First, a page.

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Python environment initialization problem


#1

Hello All,

We have Python 3.6 installed in our z/OS 2.2 and it works fine in interactive mode.
However when I tried to write my own application and embed Python there I ran into problem with call to Py_Initialize().

It receives control and then terminates abnormally with Fatal Error apparently while reading file …lib/python3.6/encodings/init.py
I also receive a message that looks like complete garbage, but when I redirected it to a file and tagged it as ASCII i was able to seen this:

File “/usr/lpp/python36/lib/python3.6/encodings/init.py”, line 1
⌂⌂⌂@⣁�� .
… several ines of the same garbage…
@��
^
SyntaxError: invalid syntax
initstdio: failed to import module encodings.utf_8
Fatal Python error: Py_Initialize: can’t initialize sys standard streams

Environment variable _BPXK_AUTOCVT set to ON;
The env variable PYTHON_HOME is set correctly, so my C program can see Python DLLs. and all I do in my main() is a call to Py_Initialize ();
It seems to me the Py_Initialize () is reading this file using incorrect encoding.

What am I doing wrong?

Here is my small repro of the problem:
#include <stdio.h>

#include <Python.h>

int main (int argc, char* argv[])
{
int i, j, done = 0; /* variables I will need later */

Py_Initialize ();

return(0);
}

The compile command:
c++ -c -W"c,lp64,FLOAT(HEX)" -W"c,DFP,TUNE(7),ARCH(7)" -+ -W"c,LANG(EXTENDED),XPLINK(STOREARGS),XPLINK(BACKCHAIN)" -W"c,FEDBG(-qxflag=EnableDeclToTypeLinkagePropagation)" -W c,expo,ros -2 -W c,NOANS,gonumber -I/usr/lpp/python36/include/python3.6m -I/usr/lpp/python36/lib/python3.6/site-packages/numpy/core/include -o ptst.o ptst.c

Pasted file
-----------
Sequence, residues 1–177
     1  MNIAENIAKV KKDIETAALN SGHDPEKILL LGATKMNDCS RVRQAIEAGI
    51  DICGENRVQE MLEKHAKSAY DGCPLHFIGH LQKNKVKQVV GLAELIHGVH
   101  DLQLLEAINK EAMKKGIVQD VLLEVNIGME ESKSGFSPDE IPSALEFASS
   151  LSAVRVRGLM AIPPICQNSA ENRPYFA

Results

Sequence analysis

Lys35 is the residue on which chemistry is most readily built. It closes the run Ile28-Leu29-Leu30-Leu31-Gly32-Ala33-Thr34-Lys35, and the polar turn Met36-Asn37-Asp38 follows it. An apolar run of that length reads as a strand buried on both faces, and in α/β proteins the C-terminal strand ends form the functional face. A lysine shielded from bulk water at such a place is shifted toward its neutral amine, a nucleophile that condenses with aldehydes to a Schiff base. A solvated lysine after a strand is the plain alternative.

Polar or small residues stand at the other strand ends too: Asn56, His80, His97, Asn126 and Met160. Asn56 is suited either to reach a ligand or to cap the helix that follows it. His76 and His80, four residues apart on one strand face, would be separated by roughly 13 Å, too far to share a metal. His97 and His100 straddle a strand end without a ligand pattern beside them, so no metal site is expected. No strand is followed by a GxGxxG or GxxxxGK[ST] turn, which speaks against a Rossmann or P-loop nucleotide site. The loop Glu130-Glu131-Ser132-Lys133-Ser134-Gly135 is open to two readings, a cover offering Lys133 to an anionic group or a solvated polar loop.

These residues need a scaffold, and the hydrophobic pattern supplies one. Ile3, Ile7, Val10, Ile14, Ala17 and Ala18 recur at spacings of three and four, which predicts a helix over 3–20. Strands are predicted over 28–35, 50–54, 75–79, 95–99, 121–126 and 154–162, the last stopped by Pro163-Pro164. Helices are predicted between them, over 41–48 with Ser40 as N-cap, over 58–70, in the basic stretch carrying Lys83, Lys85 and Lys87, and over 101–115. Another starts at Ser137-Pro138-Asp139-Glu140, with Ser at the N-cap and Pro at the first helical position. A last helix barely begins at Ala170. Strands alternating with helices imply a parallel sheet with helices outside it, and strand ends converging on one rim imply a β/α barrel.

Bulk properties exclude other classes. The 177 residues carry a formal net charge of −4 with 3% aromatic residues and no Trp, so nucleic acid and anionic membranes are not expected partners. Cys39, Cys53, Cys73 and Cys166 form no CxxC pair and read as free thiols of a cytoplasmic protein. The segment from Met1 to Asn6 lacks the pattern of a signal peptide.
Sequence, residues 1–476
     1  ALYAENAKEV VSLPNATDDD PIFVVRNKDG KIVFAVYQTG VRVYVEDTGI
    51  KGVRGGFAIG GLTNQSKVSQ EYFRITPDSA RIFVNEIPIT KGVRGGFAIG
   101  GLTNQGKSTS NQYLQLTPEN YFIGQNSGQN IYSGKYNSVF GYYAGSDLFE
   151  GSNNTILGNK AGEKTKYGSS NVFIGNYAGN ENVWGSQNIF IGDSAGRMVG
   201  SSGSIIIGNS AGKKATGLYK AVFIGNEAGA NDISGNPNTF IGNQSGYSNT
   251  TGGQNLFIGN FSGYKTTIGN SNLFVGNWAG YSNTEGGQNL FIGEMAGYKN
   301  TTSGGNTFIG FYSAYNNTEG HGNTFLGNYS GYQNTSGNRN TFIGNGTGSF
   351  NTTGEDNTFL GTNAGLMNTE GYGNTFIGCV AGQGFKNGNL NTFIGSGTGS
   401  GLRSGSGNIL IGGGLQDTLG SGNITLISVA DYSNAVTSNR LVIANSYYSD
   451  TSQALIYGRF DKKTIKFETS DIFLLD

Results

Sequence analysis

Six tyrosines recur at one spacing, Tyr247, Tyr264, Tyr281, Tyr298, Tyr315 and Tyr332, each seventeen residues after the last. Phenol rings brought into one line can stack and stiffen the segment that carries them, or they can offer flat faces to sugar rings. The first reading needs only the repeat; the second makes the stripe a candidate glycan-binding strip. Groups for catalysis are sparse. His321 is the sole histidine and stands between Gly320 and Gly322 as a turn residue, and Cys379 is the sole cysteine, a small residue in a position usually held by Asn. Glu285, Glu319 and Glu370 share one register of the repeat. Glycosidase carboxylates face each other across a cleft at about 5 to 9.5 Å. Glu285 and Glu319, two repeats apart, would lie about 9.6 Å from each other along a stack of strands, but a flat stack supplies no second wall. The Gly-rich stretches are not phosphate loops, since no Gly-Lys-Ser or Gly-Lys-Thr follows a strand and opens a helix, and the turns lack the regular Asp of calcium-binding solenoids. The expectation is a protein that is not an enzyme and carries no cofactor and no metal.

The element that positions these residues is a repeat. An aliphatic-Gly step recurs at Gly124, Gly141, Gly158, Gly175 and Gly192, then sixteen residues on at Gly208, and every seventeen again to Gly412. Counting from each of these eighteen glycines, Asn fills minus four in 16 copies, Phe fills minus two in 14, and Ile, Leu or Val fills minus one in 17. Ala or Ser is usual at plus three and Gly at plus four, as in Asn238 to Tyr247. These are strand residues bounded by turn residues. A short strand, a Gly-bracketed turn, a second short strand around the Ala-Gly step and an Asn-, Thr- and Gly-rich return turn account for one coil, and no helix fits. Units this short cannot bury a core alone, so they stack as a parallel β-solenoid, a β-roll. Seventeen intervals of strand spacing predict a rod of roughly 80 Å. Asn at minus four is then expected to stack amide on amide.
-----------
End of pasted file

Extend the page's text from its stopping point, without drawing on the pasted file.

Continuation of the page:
Link script:
export _CXX_WORK_SPACE="(32000,(300,150))"
export _CXX_WORK_UNIT=“VIO”
c++ -Wl,lp64 -o ptst.out ptst.o /usr/lpp/python36/lib/libpython3.6m.x -lm -lc


#2

I haven’t had a chance to look at this in detail, but you might try adding -qascii to the compile and link commands. Rocket tools use IBM’s enhanced ASCII support, so the programs use ASCII internally.


#3

Thanks! Seems to work. Now gonna make it work in mixed environment - main compiled and linked as EBCDIC calls Python dll.s that are ASCII.


#4

I strongly advise against that; I think you find debugging to be especially painful. Is there a reason not to compile the entire program as an ASCII-mode program?


#5

Yes, there is a big reason to keep our code in EBCDIC. Our app is a huge portable application server that works on all platforms from Windows to mainframe and calls multiple third party APIs – several millions lines of code. So nobody is going to port it to ASCII in z/OS.
After some debugging of LE environment I was finally able to initialize Python environment successfully from my EBCDIC routine. I would really appreciate if you could be a little more specific and explain your concerns.


#6

If your application is running on non-z/OS platforms, I would think porting it as an ASCII program would actually be easier. This has been our experience porting open source tools to z/OS.

My concern about mixing EBCDIC and ASCII libraries is that any given thread is in a single “mode” (ASCII or EBCDIC) at a given time, and I would think that when you cross library boundaries you would have to change the mode. Otherwise the automatic code translation enabled by _BPXK_AUTOCVT is going to be confused and do the wrong thing.

My comment about debugging is that, if you step through code in dbx, you will have to keep changing the character encoding mode of dbx depending where you are in the stack (via the $asciichars and $asciistrings variables). Also, if you debug by adding printf calls, if EBCDIC and ASCII portions of the code write to the same file descriptor, the encoding will be wrong for one or the other.